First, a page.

Getting Started With property()
Getting Started With Python’s
property(). As you’ve seen, Python’s
property() is the Pythonic way to avoid formal getter and setter methods in your code.
This function allows you to turn class attributes into properties or managed attributes. Since
property() is a built-in function, you can use it without importing anything. Additionally,
property() was implemented in C to ensure optimal performance.
Note that it’s common to refer to
property() as a built-in function. However,
property is a class designed to work as a function rather than as a regular class. That’s why most Python developers call it a function.
That’s also the reason why
property() doesn’t follow the Python convention for naming classes. This course follows the common practices of calling
property() a function rather than a class. With
property(), you can attach getter and setter methods to a given class attribute. This way, you can handle the internal implementation for that attribute without exposing getter and setter methods in your API.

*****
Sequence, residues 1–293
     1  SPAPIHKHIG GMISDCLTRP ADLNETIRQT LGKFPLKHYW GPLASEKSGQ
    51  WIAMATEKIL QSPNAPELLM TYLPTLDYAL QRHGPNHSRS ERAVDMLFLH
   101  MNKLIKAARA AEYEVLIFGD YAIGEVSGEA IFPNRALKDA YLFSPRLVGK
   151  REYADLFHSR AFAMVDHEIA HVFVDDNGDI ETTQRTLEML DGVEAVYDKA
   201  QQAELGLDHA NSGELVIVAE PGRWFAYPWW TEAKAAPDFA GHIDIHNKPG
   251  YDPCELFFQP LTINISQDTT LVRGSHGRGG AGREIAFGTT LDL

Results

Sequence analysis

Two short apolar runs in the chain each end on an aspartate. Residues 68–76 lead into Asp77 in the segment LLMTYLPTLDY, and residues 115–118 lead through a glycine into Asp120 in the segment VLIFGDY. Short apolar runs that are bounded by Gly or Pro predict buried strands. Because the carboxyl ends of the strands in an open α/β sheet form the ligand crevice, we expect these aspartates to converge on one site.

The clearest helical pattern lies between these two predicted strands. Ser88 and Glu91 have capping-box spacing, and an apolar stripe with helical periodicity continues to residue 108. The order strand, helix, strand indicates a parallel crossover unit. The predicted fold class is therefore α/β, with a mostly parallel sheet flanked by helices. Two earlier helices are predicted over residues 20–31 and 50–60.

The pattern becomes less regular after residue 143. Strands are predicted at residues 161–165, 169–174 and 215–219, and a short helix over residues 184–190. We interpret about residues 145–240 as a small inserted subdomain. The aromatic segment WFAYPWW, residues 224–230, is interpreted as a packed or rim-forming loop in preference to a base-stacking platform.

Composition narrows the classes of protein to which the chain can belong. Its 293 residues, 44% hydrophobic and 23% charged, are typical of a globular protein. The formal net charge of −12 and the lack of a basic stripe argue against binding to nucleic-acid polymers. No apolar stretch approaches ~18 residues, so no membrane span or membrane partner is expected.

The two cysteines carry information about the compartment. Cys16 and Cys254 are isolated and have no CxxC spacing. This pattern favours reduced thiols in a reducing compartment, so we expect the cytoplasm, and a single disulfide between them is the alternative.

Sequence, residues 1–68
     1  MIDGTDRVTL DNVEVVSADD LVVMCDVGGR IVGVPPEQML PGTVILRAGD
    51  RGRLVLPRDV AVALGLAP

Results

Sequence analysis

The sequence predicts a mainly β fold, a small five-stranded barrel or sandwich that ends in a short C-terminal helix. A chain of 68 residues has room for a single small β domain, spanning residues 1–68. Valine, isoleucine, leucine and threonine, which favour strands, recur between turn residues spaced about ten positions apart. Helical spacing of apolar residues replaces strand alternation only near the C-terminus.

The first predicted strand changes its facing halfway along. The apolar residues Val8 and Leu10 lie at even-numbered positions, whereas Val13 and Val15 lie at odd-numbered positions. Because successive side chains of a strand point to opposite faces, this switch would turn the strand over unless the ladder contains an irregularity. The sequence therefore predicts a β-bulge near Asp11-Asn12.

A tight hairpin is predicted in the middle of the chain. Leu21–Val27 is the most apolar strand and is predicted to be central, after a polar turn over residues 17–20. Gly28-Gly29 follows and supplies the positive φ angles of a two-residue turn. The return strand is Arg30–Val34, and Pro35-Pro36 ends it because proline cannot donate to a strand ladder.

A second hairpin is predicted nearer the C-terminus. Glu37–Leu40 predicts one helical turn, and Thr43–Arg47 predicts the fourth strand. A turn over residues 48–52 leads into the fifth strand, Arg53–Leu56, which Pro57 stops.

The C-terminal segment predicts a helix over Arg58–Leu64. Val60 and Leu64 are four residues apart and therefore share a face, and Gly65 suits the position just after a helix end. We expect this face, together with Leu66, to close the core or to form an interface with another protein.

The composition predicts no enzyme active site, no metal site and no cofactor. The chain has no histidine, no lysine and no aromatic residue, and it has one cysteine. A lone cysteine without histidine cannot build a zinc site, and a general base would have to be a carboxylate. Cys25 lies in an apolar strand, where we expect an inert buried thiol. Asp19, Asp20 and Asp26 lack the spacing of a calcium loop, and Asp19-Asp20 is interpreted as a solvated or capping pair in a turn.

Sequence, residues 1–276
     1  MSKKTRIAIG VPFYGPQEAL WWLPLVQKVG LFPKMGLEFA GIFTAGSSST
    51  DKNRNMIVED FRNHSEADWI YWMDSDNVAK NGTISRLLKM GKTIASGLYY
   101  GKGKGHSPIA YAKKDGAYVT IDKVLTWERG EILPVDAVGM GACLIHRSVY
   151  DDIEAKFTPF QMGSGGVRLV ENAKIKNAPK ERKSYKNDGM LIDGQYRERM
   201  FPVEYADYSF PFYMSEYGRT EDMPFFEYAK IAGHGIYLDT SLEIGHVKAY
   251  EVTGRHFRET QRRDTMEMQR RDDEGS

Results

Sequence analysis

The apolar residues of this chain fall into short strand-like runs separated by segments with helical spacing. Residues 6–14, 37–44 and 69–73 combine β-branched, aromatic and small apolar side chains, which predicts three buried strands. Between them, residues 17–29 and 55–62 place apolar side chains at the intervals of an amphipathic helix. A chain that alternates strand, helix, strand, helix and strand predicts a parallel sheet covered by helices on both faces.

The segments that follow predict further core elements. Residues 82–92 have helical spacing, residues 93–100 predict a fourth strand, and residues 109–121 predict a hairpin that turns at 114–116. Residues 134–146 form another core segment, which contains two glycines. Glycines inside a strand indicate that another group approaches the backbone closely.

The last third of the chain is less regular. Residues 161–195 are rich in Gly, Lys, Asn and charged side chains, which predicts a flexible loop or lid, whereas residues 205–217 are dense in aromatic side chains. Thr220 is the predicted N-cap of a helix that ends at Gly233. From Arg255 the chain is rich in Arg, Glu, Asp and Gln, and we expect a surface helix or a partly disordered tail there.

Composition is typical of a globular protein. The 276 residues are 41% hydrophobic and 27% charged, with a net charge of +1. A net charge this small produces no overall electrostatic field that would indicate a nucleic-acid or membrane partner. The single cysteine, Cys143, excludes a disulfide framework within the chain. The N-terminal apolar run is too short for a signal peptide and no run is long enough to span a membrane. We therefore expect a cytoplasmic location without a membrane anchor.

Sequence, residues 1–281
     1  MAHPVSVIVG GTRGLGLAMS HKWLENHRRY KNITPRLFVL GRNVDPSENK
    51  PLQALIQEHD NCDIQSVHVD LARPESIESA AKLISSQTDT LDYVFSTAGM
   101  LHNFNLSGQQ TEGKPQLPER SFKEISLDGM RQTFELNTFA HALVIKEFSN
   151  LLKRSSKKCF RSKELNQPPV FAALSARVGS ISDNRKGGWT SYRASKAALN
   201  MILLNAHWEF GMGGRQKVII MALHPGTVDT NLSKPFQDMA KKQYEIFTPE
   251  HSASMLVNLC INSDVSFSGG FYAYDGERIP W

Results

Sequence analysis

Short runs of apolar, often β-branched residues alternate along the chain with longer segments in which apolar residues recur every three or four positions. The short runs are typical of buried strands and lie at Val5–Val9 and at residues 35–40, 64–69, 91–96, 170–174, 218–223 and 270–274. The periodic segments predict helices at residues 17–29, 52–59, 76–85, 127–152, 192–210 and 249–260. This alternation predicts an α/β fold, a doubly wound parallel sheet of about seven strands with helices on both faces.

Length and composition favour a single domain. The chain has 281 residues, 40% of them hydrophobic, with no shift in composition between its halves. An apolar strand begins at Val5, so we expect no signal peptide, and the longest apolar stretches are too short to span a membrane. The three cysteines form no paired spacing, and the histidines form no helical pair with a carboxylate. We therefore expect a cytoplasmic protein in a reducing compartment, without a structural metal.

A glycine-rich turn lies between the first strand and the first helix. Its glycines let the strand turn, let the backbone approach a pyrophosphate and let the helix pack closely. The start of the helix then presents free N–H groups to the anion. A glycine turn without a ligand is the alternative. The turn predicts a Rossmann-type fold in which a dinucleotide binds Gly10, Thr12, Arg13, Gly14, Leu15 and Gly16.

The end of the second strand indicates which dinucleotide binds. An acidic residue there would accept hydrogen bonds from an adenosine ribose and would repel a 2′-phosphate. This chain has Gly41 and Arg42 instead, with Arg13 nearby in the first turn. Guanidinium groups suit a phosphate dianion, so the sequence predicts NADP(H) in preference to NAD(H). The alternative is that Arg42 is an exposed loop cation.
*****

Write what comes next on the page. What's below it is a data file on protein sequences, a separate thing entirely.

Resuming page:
You can also specify a way to handle attribute deletion and provide an appropriate docstring for your properties. On-screen, you can see the full signature of
The first two arguments take function objects that will play the role of getter (
fget) and setter (
fget is a function that returns the value of the managed attribute,
fset is the function that allows you to set the value of the managed attribute,
fdel is a function to define how the managed attribute handles deletion, and
doc is a string representing the property’s docstring.
The return value of
property() is the managed attribute itself. If you access the managed attribute, as seen on-screen (
obj.attr), then Python will automatically call
If you assign a new value to the attribute, again as seen on-screen (
obj.attr = value), then Python calls
fset() using the input
value as an argument.
Finally, if you delete it, as seen on-screen (
del obj.attr), then Python automatically calls
Note that the first three arguments to
property() take function objects. You can think of a function object as the function name without the calling pair of parentheses.
You can use
doc to provide an appropriate docstring for your properties. You and your fellow programmers will be able to read that docstring using Python’s
doc argument is also useful when you’re working with code editors and IDEs that support docstring access.
You can use
property() as either a function or a decorator to build your properties. In the next two sections of the course, you’ll see how to use both approaches, starting with using
property() as a function.
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